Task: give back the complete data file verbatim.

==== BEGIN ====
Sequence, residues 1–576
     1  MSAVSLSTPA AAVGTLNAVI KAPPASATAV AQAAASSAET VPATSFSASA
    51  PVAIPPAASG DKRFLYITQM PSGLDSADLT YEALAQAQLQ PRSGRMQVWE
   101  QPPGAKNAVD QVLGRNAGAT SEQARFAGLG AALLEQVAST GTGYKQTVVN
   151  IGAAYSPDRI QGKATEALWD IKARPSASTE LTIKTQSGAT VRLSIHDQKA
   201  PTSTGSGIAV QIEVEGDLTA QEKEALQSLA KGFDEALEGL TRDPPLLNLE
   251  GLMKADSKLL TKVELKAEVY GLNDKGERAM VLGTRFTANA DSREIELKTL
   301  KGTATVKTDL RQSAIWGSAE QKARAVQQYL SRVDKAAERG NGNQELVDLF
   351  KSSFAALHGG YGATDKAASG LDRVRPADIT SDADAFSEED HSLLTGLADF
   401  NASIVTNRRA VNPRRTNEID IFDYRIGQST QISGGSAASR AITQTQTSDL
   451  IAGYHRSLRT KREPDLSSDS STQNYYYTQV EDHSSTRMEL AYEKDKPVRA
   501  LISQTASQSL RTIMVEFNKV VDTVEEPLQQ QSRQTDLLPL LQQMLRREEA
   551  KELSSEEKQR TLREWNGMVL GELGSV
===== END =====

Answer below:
Sequence, residues 1–576
     1  MSAVSLSTPA AAVGTLNAVI KAPPASATAV AQAAASSAET VPATSFSASA
    51  PVAIPPAASG DKRFLYITQM PSGLDSADLT YEALAQAQLQ PRSGRMQVWE
   101  QPPGAKNAVD QVLGRNAGAT SEQARFAGLG AALLEQVAST GTGYKQTVVN
   151  IGAAYSPDRI QGKATEALWD IKARPSASTE LTIKTQSGAT VRLSIHDQKA
   201  PTSTGSGIAV QIEVEGDLTA QEKEALQSLA KGFDEALEGL TRDPPLLNLE
   251  GLMKADSKLL TKVELKAEVY GLNDKGERAM VLGTRFTANA DSREIELKTL
   301  KGTATVKTDL RQSAIWGSAE QKARAVQQYL SRVDKAAERG NGNQELVDLF
   351  KSSFAALHGG YGATDKAASG LDRVRPADIT SDADAFSEED HSLLTGLADF
   401  NASIVTNRRA VNPRRTNEID IFDYRIGQST QISGGSAASR AITQTQTSDL
   451  IAGYHRSLRT KREPDLSSDS STQNYYYTQV EDHSSTRMEL AYEKDKPVRA
   501  LISQTASQSL RTIMVEFNKV VDTVEEPLQQ QSRQTDLLPL LQQMLRREEA
   551  KELSSEEKQR TLREWNGMVL GELGSV